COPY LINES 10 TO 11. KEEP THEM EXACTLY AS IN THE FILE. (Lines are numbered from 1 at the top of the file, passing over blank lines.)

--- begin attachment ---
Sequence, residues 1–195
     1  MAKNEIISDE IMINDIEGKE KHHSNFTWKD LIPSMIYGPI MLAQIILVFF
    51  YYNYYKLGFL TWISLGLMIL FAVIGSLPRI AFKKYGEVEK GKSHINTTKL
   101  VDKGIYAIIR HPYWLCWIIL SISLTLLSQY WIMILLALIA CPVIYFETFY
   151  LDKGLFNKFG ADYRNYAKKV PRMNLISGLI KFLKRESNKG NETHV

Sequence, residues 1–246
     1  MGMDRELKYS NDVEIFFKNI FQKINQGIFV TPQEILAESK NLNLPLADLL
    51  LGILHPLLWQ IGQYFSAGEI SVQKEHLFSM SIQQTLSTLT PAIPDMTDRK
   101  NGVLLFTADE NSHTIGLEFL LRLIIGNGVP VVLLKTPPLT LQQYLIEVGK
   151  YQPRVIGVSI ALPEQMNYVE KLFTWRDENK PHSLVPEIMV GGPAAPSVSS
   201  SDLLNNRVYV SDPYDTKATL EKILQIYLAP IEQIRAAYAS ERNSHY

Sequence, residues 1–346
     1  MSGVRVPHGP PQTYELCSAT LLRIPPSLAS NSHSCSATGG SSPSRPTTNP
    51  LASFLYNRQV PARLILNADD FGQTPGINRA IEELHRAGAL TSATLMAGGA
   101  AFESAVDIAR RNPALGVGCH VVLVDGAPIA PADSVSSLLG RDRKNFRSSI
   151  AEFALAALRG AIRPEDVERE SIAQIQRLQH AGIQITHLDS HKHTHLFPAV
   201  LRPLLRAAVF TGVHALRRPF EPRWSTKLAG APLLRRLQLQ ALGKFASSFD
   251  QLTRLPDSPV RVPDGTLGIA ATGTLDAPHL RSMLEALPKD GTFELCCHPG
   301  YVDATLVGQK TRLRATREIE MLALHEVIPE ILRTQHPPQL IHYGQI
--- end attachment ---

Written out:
   151  YQPRVIGVSI ALPEQMNYVE KLFTWRDENK PHSLVPEIMV GGPAAPSVSS
   201  SDLLNNRVYV SDPYDTKATL EKILQIYLAP IEQIRAAYAS ERNSHY